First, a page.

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Balance balls are large

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					Healthy & fit on the go                                                                                          Balance balls
What to buy? - Balance balls are large plastic inflatable balls that are used for sitting upon and
for exercise. Here are some tips for choosing the right ball for you:
   measure - The distance from the floor to your knee converted to centimeters (inches x 2.54) is the
   approximate size ball you should buy. If your measurement is between ball sizes, buy the larger ball
   and under-inflate it. Your hips and knees should bend at a 90: angle when you
   sit on the proper size exercise ball. To use the ball as a desk chair, choose one size larger than these recommended sizes.
   Sizes- Here are the most common sizes that fit these approximate height ranges:
        45 cm ball for people 4’7” to 5’
        55 cm ball for people 5’ to 5’5”
        65 cm ball for people 5’5” to 6’
        75 cm ball for people 6’ to 6’8”
        85 cm ball for people over 6’8”
   Quality - most balls sold as fitness equipment are made of good quality materials and come with an inflation
   pump. Look for burst or puncture resistant balls that deflate slowly if a hole develops – sometimes labeled SDS
   (slow deflate system).
Why a balance ball? - Two important health and injury prevention benefits result from using a balance ball for
exercise: 1) core (abdomen & lower back) strengthening, and 2) balance improvement.
Safety - It is very important to understand your current fitness level and begin balance ball exercises at the
appropriate level. Take time to get used to the ball; hold onto something stable like a chair or the wall when you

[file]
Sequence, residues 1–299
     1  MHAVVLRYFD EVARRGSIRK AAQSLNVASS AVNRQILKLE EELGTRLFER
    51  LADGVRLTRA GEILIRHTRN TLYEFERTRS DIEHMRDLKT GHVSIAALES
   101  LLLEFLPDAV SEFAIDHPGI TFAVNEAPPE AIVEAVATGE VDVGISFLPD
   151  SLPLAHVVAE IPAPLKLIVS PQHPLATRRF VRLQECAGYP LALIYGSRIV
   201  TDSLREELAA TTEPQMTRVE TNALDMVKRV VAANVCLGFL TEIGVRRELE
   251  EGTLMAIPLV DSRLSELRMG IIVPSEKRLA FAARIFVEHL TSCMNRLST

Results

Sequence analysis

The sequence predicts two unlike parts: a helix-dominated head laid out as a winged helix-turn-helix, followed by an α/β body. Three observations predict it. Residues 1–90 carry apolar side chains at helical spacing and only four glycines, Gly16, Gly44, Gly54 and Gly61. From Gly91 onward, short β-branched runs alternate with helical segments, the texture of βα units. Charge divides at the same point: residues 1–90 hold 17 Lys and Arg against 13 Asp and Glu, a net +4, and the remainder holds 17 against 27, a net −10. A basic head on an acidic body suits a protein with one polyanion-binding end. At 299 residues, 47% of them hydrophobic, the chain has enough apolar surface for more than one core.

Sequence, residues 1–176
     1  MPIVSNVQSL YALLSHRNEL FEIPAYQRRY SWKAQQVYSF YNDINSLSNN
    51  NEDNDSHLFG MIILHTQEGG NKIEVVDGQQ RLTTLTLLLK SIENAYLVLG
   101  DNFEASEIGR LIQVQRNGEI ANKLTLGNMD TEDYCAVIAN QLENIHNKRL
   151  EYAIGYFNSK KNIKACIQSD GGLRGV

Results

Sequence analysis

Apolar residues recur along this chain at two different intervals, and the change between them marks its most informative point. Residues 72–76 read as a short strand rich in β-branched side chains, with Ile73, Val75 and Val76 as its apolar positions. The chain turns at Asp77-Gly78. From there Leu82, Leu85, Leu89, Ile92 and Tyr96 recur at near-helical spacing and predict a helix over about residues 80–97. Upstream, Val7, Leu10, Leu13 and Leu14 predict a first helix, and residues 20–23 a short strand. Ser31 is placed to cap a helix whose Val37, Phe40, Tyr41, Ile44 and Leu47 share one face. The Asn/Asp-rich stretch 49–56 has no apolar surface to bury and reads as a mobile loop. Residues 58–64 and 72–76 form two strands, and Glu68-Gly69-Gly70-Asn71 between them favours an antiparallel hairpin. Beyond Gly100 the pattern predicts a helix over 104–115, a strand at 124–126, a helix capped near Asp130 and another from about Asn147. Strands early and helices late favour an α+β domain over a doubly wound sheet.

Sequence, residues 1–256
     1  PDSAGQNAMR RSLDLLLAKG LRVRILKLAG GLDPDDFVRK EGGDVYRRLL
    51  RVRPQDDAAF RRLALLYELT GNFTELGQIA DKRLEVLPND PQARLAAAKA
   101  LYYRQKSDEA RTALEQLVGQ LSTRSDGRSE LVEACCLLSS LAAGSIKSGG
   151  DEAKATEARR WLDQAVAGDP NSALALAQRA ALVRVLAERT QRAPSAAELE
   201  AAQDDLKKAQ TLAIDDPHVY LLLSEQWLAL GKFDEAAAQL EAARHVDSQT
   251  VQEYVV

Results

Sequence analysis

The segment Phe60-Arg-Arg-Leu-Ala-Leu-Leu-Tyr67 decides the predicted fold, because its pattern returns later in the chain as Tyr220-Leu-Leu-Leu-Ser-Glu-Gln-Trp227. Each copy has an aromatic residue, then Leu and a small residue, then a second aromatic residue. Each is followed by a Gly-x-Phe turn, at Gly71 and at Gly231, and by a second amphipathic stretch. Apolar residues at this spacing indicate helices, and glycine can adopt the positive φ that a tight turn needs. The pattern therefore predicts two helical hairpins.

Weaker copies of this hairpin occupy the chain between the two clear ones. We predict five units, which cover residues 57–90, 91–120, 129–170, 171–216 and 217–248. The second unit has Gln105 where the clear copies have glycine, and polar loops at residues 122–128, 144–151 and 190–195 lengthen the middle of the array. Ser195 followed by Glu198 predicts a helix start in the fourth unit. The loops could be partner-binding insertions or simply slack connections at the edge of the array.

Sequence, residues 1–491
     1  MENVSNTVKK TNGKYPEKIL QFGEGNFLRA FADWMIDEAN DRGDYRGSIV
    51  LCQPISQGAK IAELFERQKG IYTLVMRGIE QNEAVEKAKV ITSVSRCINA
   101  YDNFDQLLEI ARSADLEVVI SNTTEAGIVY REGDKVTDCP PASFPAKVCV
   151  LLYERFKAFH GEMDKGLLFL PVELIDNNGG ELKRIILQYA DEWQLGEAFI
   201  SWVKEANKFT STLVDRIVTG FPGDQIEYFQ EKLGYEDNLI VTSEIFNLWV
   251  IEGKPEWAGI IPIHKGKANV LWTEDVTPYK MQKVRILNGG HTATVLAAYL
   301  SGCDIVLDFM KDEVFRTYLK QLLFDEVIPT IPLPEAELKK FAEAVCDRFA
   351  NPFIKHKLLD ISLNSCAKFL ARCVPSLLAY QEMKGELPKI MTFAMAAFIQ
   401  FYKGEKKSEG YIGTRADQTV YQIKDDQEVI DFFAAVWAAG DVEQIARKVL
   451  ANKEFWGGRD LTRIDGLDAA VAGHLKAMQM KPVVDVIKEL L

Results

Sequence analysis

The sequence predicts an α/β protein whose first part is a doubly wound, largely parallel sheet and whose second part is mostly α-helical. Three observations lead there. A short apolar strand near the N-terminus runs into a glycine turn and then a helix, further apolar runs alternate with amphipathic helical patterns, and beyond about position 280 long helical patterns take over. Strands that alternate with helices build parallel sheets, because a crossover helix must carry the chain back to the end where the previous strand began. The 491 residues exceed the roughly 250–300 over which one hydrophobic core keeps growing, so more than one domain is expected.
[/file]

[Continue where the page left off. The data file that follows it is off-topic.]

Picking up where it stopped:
begin so you don’t roll backwards or sideways and fall off.

                                                                                                                   healthy core
balance - Sit on the ball, feet flat on floor, spine and neck straight, abdominal muscles (abs) pulled in, arms at sides.
Shift your weight slightly to feel how your abs and lower back work to keep you upright. Once comfortable, challenge
yourself:
       Hold arms out to the side, front, overhead
       Lift one foot, lift the other foot, then lift both
       Try all of these positions with your eyes shut
       Increase the length of time you sit on the ball – up to several hours
Abdomen - In addition to the balance exercises, try these to focus on your abs:
     Lie on your back on floor, feet & lower legs on top of ball. With hands on your thighs, walk fingers up to your knees,
     hold, gently lower torso
     Sit on ball, feet flat on floor, roll your bottom forward and lay back until the ball is under lower back. Curl chin forward
     and lift torso toward knees, hold & gently lower
back - Add these back exercises for a healthy, strong core:
     Lie on your stomach on the ball, knees on floor, hug ball with your arms, back rounded. Gently lift torso until spine is
     straight, lower & relax
     Lie on your stomach on the ball, legs straight out behind, toes on floor, arms on ball. Stretch right leg back and left arm
     to front as if reaching for the wall, hold, switch to left leg and right arm.
Arms & shoulders - Balance ball pushups are very effective!
     Lie on your stomach on the ball, knees or toes on floor, hands on floor in front. Shift weight to hands, roll forward until
     ball is under thighs, do slow pushups. Challenge yourself by rolling ball further down your legs as you build strength.
     Developed by Betsy Johnson, Extension Educator, Health & Nutrition, john3064@umn.edu
     For more information, visit www.extension.umn.edu/health University of Minnesota Extension is an equal
     opportunity educator and employer. This material is available in alternative formats upon request. Direct
     requests to 218.327.5964.

				
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posted:10/11/2012
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